A lot of the times in Photoshop you end up having to crop a lot of images, so that you may use parts of them without having to change the entire photo. In that case, you can use the alpha channels to help you separate the subject from the background, which makes cropping faster and easier.

43) Fix old photos by messing with the hues, saturation and color balance
A lot of the times old photos get damaged – either due to handling, or the material used to produce the photos. The ones that stay complete often turn yellow, and it requires fixing. To do that just add a layer, mess around with the color balance and the levels of hue and saturation, as well as the brightness and contrast.

44) Add a signature to your photos
Sometimes you don't want to use a watermark, and you don't mind risking your photo being cropped and stolen. In those cases, you can use a signature, which adds finesse and professionalism to your photo portfolio. You just need to add a layer on which you place the signature.

45) Edit photos after you take them, in your camera
By editing the photos you took for a project, you will save time on editing them later, and you will be able to avoid using a giant program like Photoshop for small things – like cropping, zooming in, etc. It will also help you mainline your process and make it move quicker.

46) Manage your layers
In big and even moderately sized projects a lot of layers are called for – either for actually changing something, or just for tweaking and seeing what happens. But a lot of layers can be cumbersome. That's why you need to name them accordingly, with numbers, and group them accordingly.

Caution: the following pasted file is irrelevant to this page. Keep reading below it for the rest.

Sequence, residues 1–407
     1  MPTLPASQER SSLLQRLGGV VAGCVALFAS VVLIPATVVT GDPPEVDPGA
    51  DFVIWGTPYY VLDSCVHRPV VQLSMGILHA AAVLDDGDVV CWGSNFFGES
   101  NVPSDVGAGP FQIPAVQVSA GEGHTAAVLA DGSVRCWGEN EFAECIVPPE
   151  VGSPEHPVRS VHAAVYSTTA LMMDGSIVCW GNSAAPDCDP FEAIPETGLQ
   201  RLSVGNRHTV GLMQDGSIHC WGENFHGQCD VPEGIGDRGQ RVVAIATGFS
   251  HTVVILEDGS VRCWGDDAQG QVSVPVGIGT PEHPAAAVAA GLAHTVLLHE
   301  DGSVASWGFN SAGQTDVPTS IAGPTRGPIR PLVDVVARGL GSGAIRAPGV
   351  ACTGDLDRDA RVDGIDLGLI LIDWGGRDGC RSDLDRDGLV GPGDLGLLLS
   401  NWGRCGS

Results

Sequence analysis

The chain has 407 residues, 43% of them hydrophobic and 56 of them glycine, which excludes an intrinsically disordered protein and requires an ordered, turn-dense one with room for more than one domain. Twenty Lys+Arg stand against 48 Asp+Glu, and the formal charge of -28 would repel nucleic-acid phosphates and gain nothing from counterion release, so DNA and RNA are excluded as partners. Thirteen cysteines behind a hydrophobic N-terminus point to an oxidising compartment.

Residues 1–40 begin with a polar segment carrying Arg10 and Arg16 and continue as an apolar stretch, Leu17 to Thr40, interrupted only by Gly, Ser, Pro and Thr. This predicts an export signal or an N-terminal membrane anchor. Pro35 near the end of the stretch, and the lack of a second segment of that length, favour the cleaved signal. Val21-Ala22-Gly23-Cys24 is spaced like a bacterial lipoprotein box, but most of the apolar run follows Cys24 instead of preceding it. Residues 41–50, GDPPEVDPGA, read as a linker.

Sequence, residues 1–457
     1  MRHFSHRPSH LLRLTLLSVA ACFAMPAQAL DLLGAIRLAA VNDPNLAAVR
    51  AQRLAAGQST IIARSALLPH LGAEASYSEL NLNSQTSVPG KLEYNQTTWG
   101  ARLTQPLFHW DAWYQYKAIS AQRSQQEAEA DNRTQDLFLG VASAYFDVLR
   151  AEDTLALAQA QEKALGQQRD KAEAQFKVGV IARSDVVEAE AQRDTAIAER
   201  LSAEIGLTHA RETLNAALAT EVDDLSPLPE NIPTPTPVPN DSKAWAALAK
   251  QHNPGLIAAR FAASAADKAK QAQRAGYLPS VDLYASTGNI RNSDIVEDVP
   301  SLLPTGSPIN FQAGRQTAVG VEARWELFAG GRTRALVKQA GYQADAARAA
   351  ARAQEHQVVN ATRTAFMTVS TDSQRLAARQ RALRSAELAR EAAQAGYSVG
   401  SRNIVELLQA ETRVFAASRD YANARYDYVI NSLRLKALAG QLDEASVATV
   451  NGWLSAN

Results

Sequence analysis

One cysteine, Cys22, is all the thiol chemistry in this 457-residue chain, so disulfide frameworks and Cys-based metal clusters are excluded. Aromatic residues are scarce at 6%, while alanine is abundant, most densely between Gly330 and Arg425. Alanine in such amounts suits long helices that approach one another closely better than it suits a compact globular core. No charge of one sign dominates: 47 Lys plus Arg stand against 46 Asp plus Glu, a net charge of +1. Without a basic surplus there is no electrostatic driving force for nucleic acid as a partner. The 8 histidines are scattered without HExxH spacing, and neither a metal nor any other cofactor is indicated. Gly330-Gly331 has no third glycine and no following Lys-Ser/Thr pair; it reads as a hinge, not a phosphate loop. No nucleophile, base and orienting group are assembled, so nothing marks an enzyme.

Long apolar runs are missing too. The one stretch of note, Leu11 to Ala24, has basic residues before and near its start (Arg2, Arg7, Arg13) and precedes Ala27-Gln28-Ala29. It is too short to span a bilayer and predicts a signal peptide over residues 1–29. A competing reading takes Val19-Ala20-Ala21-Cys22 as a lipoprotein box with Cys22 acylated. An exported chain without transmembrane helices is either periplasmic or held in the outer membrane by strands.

47) Use Photoshop for pre-design
Sometimes you want to see what a house, a wall or a website will look like before you actually design it entirely. You can scan images and paste them on a photo of the wall, house, or on a template for a website. It will allow you to move things around easily, and to see what works.

48) Use the opacity tool
Sometimes due to the lighting conditions, you get a very yellow or dark picture, which is annoying to look at and is unattractive. You can easily fix the problem by changing the opacity, and the hues – if just changing the opacity doesn't work. That way you won't have to re-shoot the object.

49) Make things livelier with a gradient mask
Sometimes when you take pictures of ordinary people doing ordinary things, the picture comes out ordinary. The same goes for pictures clients gave you. Instead of meddling with it and spending a lot of hours on it, you can just add a layer and add a gradient mask to that layer, which brightens things up.

50) Improve depth of field using blur
When you get a picture that has a lot of things in it, the viewers’ eye doesn't know where to focus its attention, and you get an undesired effect. To avoid that, add a layer and add a Gaussian blur to the image, which will change the depth of field automatically.